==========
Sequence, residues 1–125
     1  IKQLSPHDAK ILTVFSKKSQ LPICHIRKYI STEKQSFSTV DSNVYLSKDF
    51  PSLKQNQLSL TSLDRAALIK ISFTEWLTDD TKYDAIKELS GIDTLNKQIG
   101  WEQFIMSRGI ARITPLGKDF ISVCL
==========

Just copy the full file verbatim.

Sequence, residues 1–125
     1  IKQLSPHDAK ILTVFSKKSQ LPICHIRKYI STEKQSFSTV DSNVYLSKDF
    51  PSLKQNQLSL TSLDRAALIK ISFTEWLTDD TKYDAIKELS GIDTLNKQIG
   101  WEQFIMSRGI ARITPLGKDF ISVCL